Anyone who has ever struggled with disruptions to their mental health is very likely familiar with the feeling of being unable to bring themselves to step out of the house. The reasons for this are complex and vary massively from individual to individual, so much so that it would seem trite to list any examples here; all that matters, in this case, at least, is that single unifying factor - the impossibility of getting out of bed, crossing into the threshold, and going about business as usual in the world outside. On days like this, the effort it takes to commute to a therapy session can prove so exhausting that, when it comes to actually attempting to speak about and engage with difficult subjects, attendees are already drained of emotional energy on arrival and thus don't get the most out of their appointment.
It is, unfortunately, all too easy to see how a vicious circle can easily form under these circumstances, and there are plenty more besides that prevent therapy attendance altogether, such as lack of transport, work scheduling, physical medical conditions, and domestic violence. It was in response to these issues that KindMind, a new platform that offers access to mental health treatment via video therapy sessions and online support forums, came to be.
The KindMind app's marketplace of licensed therapists and psychiatrists provides a welcome alternative to what can often be a gruelling selection experience for therapy-goers. The app is optimized to help KindMind users select a clinician who suits their needs, and, to remove the "going in blind" concern often associated with the raw vulnerability of opening up to a stranger during a first session, it's also possible to view their profiles in order to ascertain that a therapy provider's approach is something that clicks for you.
The app also offers a mood-tracker function that allows KindMind users to create a record their emotional state on a day-to-day basis. This can then be shared with their therapist of choice to create a detailed update, from which they can draw in tailoring sessions to accomodate and allow for recent significant life events and influences that can drastically effect the tone, direction, and overall success of a session.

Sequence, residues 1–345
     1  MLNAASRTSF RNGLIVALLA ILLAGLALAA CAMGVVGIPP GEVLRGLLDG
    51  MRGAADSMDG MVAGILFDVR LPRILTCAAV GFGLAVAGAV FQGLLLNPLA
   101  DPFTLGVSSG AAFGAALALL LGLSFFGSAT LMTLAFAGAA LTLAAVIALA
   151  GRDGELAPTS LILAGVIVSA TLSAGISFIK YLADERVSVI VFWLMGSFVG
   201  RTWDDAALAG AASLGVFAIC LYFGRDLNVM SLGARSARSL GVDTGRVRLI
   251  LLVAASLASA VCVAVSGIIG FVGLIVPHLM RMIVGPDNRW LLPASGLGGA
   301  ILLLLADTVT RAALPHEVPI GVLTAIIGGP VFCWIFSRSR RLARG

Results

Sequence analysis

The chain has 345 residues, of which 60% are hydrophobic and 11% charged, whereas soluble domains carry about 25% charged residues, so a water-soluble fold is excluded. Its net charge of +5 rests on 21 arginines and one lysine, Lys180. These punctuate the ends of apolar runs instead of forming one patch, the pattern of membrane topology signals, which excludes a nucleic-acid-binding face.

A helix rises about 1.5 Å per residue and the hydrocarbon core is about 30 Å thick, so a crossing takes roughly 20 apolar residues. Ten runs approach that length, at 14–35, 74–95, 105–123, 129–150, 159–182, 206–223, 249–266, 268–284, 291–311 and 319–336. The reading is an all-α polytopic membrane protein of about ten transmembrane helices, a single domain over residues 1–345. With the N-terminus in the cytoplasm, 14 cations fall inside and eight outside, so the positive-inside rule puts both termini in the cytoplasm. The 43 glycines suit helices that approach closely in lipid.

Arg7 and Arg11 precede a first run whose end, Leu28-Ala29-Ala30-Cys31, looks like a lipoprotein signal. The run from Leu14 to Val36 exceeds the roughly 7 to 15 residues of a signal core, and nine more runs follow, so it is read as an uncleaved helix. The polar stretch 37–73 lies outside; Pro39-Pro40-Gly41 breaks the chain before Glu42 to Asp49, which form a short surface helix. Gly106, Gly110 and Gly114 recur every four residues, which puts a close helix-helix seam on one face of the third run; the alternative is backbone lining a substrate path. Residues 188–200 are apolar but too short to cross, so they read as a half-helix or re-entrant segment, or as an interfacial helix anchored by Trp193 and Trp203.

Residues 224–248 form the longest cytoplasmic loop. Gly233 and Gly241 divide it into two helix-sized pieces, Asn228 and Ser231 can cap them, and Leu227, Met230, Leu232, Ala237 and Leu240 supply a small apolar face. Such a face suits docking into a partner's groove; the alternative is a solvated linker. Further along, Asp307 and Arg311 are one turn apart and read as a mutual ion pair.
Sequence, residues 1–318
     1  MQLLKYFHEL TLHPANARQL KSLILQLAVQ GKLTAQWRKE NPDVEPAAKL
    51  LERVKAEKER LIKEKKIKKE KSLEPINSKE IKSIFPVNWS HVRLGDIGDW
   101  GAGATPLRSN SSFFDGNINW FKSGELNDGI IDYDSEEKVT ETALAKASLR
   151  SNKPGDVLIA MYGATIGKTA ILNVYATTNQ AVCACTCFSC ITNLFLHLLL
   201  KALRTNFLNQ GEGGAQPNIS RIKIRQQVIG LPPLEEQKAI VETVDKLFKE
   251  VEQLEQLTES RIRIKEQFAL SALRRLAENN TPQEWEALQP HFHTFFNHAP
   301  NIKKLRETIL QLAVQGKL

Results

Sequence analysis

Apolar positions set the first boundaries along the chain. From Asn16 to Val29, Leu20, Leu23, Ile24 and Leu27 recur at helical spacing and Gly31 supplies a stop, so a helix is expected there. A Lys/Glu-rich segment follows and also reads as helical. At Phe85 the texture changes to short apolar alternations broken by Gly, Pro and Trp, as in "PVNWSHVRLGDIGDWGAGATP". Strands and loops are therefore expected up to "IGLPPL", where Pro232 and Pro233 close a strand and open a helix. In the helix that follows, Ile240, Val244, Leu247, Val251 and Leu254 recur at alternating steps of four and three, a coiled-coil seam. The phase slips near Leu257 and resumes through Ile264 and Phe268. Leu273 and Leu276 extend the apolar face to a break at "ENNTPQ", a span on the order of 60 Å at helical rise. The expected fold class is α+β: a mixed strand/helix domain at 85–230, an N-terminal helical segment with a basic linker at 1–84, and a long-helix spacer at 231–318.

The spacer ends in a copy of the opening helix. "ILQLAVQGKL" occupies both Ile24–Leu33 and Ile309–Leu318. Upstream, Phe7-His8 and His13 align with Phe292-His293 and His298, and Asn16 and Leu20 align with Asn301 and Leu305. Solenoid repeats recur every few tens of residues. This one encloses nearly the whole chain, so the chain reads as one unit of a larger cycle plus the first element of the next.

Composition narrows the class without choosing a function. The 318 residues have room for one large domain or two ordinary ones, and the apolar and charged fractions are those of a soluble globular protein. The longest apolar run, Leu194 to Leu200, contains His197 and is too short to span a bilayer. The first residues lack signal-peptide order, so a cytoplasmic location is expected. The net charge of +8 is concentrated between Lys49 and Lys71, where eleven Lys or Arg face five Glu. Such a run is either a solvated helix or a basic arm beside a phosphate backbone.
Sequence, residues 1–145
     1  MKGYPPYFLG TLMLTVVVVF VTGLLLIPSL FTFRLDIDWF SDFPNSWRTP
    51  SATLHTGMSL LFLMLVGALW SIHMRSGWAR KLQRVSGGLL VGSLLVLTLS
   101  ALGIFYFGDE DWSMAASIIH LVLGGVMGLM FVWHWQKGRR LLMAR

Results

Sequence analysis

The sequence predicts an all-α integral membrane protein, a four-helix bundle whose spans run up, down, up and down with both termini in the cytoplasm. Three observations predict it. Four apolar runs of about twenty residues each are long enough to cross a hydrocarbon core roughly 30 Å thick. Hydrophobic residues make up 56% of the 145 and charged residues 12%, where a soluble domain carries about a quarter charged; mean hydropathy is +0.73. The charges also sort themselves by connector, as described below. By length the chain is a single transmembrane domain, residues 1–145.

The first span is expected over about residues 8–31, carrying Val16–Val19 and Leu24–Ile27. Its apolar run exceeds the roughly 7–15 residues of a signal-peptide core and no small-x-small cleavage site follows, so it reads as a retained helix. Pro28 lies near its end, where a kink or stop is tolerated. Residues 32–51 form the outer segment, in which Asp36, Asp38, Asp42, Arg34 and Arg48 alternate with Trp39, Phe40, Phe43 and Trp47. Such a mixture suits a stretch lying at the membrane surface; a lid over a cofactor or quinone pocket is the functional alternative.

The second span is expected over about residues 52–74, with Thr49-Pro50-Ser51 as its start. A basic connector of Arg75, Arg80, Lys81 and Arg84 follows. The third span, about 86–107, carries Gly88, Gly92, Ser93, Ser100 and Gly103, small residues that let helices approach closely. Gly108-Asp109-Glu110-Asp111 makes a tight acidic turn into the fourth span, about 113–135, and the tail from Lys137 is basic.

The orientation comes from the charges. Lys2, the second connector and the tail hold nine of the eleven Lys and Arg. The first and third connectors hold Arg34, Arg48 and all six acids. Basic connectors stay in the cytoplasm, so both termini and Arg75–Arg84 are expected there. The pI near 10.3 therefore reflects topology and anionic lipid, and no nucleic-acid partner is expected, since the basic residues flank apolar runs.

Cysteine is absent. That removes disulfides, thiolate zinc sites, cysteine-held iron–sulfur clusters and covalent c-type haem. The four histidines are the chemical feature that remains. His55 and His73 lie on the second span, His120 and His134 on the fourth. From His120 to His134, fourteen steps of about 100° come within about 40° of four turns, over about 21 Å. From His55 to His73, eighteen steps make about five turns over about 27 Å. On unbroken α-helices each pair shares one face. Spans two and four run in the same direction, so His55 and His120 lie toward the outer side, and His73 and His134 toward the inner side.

The appeal of KindMind also rests with the fact that, aside from its virtual therapy attendance aspect, it essentially operates like any other therapist's office - albeit one of a low-stress, incredibly user-friendly sort. Patients can cancel appointments up to 24 hours before their scheduled time slot without incurring a fee. At present, KindMind only handles self-pay billing - though, thankfully, many insurance companies are currently in the process of updating their policies regarding teletherapy, so submitting a claim to an insurance company could see KindMind appointments partially or, in some cases, even entirely. The service is currently hard at work to begin handling insurance in the near future.
All of that said, it's still true that the internet can often seem like a vast, clinical space in which information misuse is a constant threat. The guaranteed confidentiality of a one-to-one conversation behind a closed office door may, in actual fact, be one of the only remaining drawing points of in-person mental wellness treatment. This is not lost on the creators of KindMind. On their app, a huge emphasis is placed on the protection of personal and health-related information. The platform is completely compliant with the Health Insurance Portability and Accountability Act of 1996 - which, in layman's terms, means that any private information entered into the KindMind system is guaranteed to be under strict, encrypted protection for as long as it's stored there.
Lack of access to mental health facilities is one of the main barriers to seeking treatment. Teletherapy, which is legal in all 50 American states, is an underutilized answer to this problem. Research of the area supports the view that teletheray services such as KindMind are a completely valid - and oftentimes, more practical - alternative to in-person therapy appointments. An expansion of the pool of available mental health resources is something that, on a global scale, cannot progress quickly enough; for helping fight this good fight, we have KindMind to thank.